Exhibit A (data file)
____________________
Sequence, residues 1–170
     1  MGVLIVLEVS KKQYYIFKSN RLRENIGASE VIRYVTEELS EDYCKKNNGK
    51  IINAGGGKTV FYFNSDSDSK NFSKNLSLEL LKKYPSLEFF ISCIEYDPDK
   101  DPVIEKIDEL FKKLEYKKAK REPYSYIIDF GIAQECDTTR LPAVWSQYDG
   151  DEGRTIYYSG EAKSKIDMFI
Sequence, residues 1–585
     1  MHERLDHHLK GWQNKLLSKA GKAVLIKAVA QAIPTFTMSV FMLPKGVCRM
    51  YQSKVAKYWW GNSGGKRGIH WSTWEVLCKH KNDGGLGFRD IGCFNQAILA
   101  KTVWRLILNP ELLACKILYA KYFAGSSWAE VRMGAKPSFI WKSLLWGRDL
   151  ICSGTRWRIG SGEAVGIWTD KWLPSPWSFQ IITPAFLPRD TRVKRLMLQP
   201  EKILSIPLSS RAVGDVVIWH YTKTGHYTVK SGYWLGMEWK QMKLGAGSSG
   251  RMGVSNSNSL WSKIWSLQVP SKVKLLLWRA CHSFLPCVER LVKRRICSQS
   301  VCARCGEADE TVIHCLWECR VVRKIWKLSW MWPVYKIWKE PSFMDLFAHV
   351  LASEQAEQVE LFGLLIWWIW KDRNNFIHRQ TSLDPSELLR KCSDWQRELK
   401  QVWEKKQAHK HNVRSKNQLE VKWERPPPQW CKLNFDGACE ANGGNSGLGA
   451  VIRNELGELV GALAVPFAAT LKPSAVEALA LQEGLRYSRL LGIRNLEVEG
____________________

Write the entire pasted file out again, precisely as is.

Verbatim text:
Sequence, residues 1–170
     1  MGVLIVLEVS KKQYYIFKSN RLRENIGASE VIRYVTEELS EDYCKKNNGK
    51  IINAGGGKTV FYFNSDSDSK NFSKNLSLEL LKKYPSLEFF ISCIEYDPDK
   101  DPVIEKIDEL FKKLEYKKAK REPYSYIIDF GIAQECDTTR LPAVWSQYDG
   151  DEGRTIYYSG EAKSKIDMFI
Sequence, residues 1–585
     1  MHERLDHHLK GWQNKLLSKA GKAVLIKAVA QAIPTFTMSV FMLPKGVCRM
    51  YQSKVAKYWW GNSGGKRGIH WSTWEVLCKH KNDGGLGFRD IGCFNQAILA
   101  KTVWRLILNP ELLACKILYA KYFAGSSWAE VRMGAKPSFI WKSLLWGRDL
   151  ICSGTRWRIG SGEAVGIWTD KWLPSPWSFQ IITPAFLPRD TRVKRLMLQP
   201  EKILSIPLSS RAVGDVVIWH YTKTGHYTVK SGYWLGMEWK QMKLGAGSSG
   251  RMGVSNSNSL WSKIWSLQVP SKVKLLLWRA CHSFLPCVER LVKRRICSQS
   301  VCARCGEADE TVIHCLWECR VVRKIWKLSW MWPVYKIWKE PSFMDLFAHV
   351  LASEQAEQVE LFGLLIWWIW KDRNNFIHRQ TSLDPSELLR KCSDWQRELK
   401  QVWEKKQAHK HNVRSKNQLE VKWERPPPQW CKLNFDGACE ANGGNSGLGA
   451  VIRNELGELV GALAVPFAAT LKPSAVEALA LQEGLRYSRL LGIRNLEVEG